LONDON, Oct 10 (Reuters) - The head of Britain’s pharmaceuticals industry warned on Wednesday that problems were inevitable if there was no agreement on the United Kingdom’s departure from the European Union, putting drug stocks and approvals at risk.
The highly regulated drugs sector is one of the most vulnerable to a no-deal Brexit because of uncertainty as to how medicines oversight would function.
Companies are having to prepare for the worst, but the complexity of the industry’s supply chains and lack of clarity over transfer of files for medicines undergoing regulatory review makes planning challenging.
“The scale of what we are trying to do means that some things will go wrong because we are trying to replan a whole industry in a very short space of time,” said Mike Thompson, chief executive of the Association of the British Pharmaceutical Industry.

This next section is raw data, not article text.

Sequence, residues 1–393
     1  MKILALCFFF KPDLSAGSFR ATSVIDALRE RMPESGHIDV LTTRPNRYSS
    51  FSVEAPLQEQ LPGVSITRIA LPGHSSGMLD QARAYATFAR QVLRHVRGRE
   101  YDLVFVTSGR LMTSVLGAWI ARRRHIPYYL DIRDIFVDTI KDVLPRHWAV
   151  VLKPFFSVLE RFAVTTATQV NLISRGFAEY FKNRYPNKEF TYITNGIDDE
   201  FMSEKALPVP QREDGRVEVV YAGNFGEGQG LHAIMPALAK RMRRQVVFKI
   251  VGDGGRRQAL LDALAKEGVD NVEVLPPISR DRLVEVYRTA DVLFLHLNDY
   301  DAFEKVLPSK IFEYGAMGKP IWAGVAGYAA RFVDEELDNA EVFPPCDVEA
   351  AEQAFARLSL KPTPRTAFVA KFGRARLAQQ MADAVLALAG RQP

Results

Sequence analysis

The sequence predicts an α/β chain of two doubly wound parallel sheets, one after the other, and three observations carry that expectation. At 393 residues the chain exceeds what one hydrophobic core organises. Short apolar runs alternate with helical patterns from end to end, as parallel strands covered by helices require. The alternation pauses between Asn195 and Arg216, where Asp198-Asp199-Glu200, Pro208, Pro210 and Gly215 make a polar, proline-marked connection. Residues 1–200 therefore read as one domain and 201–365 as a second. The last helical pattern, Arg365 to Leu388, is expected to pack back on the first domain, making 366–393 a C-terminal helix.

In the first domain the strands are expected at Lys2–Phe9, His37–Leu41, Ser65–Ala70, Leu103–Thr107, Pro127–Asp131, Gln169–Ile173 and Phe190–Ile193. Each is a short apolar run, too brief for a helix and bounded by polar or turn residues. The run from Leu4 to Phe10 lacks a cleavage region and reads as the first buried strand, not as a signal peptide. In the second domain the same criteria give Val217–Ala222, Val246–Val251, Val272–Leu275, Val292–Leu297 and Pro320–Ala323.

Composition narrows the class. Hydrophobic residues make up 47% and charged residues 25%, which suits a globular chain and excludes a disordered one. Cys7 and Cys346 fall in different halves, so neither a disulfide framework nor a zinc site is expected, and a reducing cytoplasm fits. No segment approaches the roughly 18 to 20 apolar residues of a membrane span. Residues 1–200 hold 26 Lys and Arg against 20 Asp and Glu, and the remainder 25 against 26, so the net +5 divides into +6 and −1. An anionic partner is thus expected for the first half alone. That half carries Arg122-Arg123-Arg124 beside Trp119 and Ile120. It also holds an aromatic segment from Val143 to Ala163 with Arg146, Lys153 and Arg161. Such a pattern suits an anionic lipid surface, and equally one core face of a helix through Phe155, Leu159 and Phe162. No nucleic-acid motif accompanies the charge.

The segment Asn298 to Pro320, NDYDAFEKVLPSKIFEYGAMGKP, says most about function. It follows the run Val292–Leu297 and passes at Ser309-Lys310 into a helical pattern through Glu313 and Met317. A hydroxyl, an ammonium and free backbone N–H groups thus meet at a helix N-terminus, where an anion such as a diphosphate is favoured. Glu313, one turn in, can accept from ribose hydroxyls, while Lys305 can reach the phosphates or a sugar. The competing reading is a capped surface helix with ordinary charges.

“I’m not really convinced that everybody has fully understood what we are setting ourselves up for,” he told a committee of lawmakers.
Thompson pointed to the example of one company currently manufacturing medicines in Britain which was trying to revalidate more than 15,000 supply lines.
The British government told companies in August to build an additional six weeks of medicine stockpiles to cope with potential disruption - but Thompson warned there could be serious difficulties if supply chain delays were greater than six weeks. (Reporting by Ben Hirschler and Kate Holton; Editing by Janet Lawrence)